Michelin Touts New Premier Tires In 'Bib's World'

Michelin's tire man, Bibendum, is back to promote the company's new Premier tires, which launched last year. The campaign touts the tires' ability to maintain grip and performance over their lifetime, due to an "evolving tread" design, and use of high-traction rubber compounds. 

Unlike the typical creative where real tires on real cars are shown going through real puddles and snow -- usually in slo-mo -- the Michelin campaign, via TBWA\Chiat\Day and New York-based animation shop Psyop, uses Pixar-style animation to deliver the prolonged-safety message. Without going technical, the tire keeps its grip by changing its footprint as it wears. 

In the spot, which takes place in a fictive “Bib's World,” kind of toyland reminiscent of Buzz Lightyear, a father -- with Bibendum standing behind him -- sees his daughter off in her micro-compact car [think Smart with four seats], but before she takes off, Bibendum does his famous tire Frisbee thing, re-shoeing her car with Premiers. Off she goes, and as a voiceover explains the tire's benefits, we see her avoid collisions with other cars, and even a commuter train, as the seasons change. 



Scott Clark, COO of Michelin North America’s passenger and light truck tire division, tells Marketing Daily that the campaign addresses a challenge for the company, and probably all tire makers, around getting consumers to realize that tires are the first-line in safety technology; it isn't all about the air bags. In bad weather especially, tires are the only thing preventing cars from being expensive air-hockey pucks. “[People] tend to forget about that contact pad between you and the road,” he says. “Most consumers do have a general idea that when a tire wears, performance degrades, particularly in wet roads and snow. But for a lot of people, replacement comes when there's ‘unplanned distress’ [a flat, for example].”

He concedes that tires aren't cheap; while consumers know they have to buy them at some point, they don't put a lot of thought into it. “It's ‘how do I decide what's right for me. What are the benefits?’ For us, we can bring to consumers' attention something unique: performance capability actually starts out high and doesn't degrade. The general idea of ‘Bib’s World’ is it allows us, in an engaging way, dramatize the performance of our tire in way that is visually distinct.”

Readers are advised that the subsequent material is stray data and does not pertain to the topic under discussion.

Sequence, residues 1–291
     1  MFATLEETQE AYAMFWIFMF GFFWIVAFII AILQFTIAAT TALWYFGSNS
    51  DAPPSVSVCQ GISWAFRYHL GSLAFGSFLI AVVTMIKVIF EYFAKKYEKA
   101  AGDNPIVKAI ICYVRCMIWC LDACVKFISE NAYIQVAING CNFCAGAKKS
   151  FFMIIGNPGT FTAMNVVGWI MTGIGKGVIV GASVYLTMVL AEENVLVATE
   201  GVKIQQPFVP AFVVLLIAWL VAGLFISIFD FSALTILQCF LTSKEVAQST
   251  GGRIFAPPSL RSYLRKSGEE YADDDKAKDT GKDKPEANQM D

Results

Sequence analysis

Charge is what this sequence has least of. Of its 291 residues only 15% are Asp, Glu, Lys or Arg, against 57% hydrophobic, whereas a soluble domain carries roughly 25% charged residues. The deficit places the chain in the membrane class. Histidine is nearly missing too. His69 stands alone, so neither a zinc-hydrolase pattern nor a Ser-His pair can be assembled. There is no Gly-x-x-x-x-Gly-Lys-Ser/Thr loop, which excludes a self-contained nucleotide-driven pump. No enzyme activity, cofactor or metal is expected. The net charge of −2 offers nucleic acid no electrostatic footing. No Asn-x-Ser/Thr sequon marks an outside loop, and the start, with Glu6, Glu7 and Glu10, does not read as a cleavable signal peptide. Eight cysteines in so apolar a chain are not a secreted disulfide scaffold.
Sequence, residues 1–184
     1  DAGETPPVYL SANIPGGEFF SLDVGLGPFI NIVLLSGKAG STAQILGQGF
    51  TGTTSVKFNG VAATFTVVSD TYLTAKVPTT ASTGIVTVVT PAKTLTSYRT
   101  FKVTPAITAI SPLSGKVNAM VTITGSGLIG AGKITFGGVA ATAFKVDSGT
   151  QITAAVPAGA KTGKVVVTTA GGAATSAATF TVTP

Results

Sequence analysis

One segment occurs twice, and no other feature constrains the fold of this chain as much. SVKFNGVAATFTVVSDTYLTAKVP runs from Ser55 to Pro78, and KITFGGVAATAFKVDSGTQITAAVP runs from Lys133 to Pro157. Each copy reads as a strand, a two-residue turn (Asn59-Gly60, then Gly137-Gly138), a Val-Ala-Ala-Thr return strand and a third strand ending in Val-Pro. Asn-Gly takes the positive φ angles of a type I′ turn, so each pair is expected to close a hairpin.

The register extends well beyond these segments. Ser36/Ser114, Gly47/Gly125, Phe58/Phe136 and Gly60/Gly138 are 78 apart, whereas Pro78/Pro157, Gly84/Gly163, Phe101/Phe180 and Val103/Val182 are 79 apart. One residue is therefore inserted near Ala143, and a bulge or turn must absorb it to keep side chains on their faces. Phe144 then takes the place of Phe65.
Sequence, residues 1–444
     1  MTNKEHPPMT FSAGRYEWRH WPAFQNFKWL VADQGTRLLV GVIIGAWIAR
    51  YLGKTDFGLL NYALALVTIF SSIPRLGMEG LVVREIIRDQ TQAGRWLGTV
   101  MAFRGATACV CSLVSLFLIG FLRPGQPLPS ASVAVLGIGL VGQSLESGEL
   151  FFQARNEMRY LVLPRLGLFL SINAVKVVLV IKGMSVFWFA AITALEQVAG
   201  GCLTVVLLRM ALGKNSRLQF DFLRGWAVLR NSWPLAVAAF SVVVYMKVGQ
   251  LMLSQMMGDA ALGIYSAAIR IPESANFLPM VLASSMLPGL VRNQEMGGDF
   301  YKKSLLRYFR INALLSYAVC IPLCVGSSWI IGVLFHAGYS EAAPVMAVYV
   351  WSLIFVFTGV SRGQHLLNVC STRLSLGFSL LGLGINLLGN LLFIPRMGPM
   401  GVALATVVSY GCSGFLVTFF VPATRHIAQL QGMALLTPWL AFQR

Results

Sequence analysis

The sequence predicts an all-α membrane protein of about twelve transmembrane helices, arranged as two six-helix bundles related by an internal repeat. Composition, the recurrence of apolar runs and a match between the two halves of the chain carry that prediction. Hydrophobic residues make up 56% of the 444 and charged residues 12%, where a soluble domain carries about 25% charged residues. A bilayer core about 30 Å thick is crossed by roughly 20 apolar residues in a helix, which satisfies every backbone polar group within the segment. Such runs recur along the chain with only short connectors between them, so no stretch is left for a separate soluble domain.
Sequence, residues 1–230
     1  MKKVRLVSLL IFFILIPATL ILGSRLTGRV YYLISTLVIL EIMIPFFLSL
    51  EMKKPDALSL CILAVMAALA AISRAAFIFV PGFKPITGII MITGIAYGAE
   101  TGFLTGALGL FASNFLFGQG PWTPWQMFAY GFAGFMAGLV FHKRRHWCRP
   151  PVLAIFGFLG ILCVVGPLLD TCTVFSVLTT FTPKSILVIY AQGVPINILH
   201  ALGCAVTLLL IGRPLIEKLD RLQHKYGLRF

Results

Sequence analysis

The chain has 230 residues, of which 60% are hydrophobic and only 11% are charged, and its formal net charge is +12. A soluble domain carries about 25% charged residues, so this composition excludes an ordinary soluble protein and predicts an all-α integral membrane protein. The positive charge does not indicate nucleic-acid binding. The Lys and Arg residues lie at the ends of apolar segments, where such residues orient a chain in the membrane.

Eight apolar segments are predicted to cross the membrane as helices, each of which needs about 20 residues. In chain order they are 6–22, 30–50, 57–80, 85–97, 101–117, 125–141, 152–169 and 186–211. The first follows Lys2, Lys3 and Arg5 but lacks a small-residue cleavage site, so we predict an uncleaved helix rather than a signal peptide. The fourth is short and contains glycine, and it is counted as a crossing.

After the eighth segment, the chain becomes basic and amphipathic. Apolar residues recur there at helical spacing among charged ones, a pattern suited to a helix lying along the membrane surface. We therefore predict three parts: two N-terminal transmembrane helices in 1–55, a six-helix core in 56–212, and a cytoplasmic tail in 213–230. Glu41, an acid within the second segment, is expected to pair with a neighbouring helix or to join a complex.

Michelin, which is second among the four major tire players after Bridgestone, has a premium position in the U.S. market. And as Clark points out, the brand tends to be a bit more expensive. “But performance is better, and there's better value over the life of the product.” He says that in addition to the spot, there are digital elements, PR efforts around safe driving, and dealer efforts around consumer education.

In racing -- traditionally a major part of both brand building and product innovation for tire-makers -- Michelin is globally involved in rally racing, endurance sports car racing, and in the U.S. the Tudor United Sports Car Championship. The company is also official tire and exclusive tire provider of the new FIA Formula-e electric car-racing series, whose next race is in two weeks in Long Beach, Calif. Michelin has its tires and logo on all the race cars.

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